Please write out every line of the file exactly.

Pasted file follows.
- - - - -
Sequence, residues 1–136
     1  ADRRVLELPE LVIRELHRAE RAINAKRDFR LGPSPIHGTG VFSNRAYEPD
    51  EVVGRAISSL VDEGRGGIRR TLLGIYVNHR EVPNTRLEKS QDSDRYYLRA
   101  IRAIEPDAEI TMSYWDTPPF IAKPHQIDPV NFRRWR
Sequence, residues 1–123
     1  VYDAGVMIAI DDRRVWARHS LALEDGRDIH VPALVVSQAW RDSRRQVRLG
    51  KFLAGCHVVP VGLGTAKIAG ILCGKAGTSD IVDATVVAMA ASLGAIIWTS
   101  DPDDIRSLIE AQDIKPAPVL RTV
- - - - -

Sequence, residues 1–136
     1  ADRRVLELPE LVIRELHRAE RAINAKRDFR LGPSPIHGTG VFSNRAYEPD
    51  EVVGRAISSL VDEGRGGIRR TLLGIYVNHR EVPNTRLEKS QDSDRYYLRA
   101  IRAIEPDAEI TMSYWDTPPF IAKPHQIDPV NFRRWR
Sequence, residues 1–123
     1  VYDAGVMIAI DDRRVWARHS LALEDGRDIH VPALVVSQAW RDSRRQVRLG
    51  KFLAGCHVVP VGLGTAKIAG ILCGKAGTSD IVDATVVAMA ASLGAIIWTS
   101  DPDDIRSLIE AQDIKPAPVL RTV